Extreme Close Up

My favourite photography assignment so far has been the extreme close ups. You can get really creative with macro shots. Image

This one seems kind of gross but I like the detail in it.






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Basic Lighting

One of our first photography assignments was Basic Lighting. We were taught 3 point lighting. Image

She looks so happy! 🙂

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Image Composition Rules : My favourites

For this assignment we looked at different types of image composition rules and lighting. I wasn’t really sure what I was doing, but some of them turned out okay! Image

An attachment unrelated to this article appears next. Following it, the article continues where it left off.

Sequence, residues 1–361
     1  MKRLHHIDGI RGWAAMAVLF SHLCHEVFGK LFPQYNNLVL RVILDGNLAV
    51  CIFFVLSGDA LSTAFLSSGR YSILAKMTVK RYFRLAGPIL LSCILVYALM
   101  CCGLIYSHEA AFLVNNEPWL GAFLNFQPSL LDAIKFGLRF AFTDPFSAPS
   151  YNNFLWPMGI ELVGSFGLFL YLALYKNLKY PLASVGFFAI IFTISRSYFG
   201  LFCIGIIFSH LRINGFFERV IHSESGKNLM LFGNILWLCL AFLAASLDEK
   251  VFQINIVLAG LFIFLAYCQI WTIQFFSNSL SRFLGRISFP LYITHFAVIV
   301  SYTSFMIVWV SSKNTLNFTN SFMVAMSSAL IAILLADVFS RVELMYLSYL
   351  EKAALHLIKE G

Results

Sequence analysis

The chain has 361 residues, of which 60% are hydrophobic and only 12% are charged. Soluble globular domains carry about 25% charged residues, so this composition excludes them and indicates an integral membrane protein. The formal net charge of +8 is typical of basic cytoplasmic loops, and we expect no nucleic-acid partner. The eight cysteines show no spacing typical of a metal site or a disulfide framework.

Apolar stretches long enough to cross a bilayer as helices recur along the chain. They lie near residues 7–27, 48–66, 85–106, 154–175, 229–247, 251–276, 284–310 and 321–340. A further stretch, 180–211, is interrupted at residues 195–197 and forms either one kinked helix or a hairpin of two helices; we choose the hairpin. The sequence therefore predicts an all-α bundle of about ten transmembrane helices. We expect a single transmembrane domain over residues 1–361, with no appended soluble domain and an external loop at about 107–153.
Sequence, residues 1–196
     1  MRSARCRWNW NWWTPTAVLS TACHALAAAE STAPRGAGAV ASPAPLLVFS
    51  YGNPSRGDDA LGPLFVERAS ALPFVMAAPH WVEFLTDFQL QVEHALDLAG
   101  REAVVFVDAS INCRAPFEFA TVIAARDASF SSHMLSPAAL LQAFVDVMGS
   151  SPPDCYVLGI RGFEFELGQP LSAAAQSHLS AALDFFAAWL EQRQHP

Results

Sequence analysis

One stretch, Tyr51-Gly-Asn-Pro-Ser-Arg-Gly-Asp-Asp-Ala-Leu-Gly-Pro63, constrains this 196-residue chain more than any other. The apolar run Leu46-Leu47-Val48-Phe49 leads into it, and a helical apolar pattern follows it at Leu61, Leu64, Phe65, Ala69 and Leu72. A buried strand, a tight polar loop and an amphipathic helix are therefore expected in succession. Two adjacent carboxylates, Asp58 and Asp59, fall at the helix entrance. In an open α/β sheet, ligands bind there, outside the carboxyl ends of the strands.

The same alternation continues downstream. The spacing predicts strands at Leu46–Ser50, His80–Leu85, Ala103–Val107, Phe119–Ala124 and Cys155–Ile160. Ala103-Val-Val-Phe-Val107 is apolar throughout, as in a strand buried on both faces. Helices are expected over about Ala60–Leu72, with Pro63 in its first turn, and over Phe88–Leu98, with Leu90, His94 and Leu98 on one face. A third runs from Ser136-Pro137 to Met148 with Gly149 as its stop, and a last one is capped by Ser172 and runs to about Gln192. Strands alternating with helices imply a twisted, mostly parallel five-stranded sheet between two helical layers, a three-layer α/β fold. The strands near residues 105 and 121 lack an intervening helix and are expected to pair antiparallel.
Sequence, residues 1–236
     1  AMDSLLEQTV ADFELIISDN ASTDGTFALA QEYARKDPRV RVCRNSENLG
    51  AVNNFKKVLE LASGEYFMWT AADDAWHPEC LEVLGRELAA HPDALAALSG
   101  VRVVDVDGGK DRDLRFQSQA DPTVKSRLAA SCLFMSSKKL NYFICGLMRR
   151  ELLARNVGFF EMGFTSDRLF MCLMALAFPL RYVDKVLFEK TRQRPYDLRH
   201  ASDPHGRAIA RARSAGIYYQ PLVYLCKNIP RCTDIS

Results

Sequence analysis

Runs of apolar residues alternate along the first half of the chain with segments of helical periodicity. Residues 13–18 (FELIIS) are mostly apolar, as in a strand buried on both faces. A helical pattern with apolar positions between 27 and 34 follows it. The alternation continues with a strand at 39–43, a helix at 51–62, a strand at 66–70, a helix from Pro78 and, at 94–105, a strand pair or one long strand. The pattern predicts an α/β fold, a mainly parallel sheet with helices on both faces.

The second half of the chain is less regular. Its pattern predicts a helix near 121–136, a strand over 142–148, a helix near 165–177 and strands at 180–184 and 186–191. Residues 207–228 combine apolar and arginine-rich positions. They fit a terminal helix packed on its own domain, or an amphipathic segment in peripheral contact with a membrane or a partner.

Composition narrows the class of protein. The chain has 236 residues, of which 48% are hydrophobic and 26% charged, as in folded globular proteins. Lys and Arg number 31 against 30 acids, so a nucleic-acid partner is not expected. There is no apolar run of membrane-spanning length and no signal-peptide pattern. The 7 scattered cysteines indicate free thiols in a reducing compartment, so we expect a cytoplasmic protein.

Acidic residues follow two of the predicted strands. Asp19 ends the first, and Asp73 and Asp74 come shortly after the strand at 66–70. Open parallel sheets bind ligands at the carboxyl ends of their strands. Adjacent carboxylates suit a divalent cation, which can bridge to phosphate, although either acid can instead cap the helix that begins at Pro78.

This was the portrait picture I took. I like it because it is natural.


This was the texture picture. The camera settings weren’t exactly right because the bottom is dark, but I’m still learning!



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What’s Up with Courier?

Courier and Courier New

“A letter can be just an ordinary messenger, or it can be the courier, which radiates dignity, prestige, and stability. “

–   Howard Kettler



     Courier typeface is a monospaced font (a font whose letters and characters each occupy the same amount of horizontal space) designed to resemble the output from a strike-on typewriter. It was designed in 1955 by Howard Kettler. It was later redrawn by Adrian Frutiger for the IBM Selectric Composer series of electric typewriters. The company IBM chose not to secure legal exclusivity. This lead to Courier becoming a standard font in the typewriting industry.